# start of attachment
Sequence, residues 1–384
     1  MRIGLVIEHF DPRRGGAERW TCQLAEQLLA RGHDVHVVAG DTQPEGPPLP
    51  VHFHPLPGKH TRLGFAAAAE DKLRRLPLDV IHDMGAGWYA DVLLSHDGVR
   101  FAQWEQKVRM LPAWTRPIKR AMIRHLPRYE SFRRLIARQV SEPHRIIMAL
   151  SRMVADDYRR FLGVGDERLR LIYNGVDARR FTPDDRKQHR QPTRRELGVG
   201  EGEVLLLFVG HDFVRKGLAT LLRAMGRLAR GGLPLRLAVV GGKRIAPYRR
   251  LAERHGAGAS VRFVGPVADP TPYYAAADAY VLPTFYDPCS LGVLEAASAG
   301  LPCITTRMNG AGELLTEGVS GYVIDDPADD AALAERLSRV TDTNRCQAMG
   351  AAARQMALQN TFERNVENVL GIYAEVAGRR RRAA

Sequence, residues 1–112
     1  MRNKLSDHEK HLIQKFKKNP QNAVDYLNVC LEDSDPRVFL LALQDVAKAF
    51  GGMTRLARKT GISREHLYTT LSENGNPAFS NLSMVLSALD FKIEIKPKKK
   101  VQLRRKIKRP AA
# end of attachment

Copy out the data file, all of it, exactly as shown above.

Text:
Sequence, residues 1–384
     1  MRIGLVIEHF DPRRGGAERW TCQLAEQLLA RGHDVHVVAG DTQPEGPPLP
    51  VHFHPLPGKH TRLGFAAAAE DKLRRLPLDV IHDMGAGWYA DVLLSHDGVR
   101  FAQWEQKVRM LPAWTRPIKR AMIRHLPRYE SFRRLIARQV SEPHRIIMAL
   151  SRMVADDYRR FLGVGDERLR LIYNGVDARR FTPDDRKQHR QPTRRELGVG
   201  EGEVLLLFVG HDFVRKGLAT LLRAMGRLAR GGLPLRLAVV GGKRIAPYRR
   251  LAERHGAGAS VRFVGPVADP TPYYAAADAY VLPTFYDPCS LGVLEAASAG
   301  LPCITTRMNG AGELLTEGVS GYVIDDPADD AALAERLSRV TDTNRCQAMG
   351  AAARQMALQN TFERNVENVL GIYAEVAGRR RRAA

Sequence, residues 1–112
     1  MRNKLSDHEK HLIQKFKKNP QNAVDYLNVC LEDSDPRVFL LALQDVAKAF
    51  GGMTRLARKT GISREHLYTT LSENGNPAFS NLSMVLSALD FKIEIKPKKK
   101  VQLRRKIKRP AA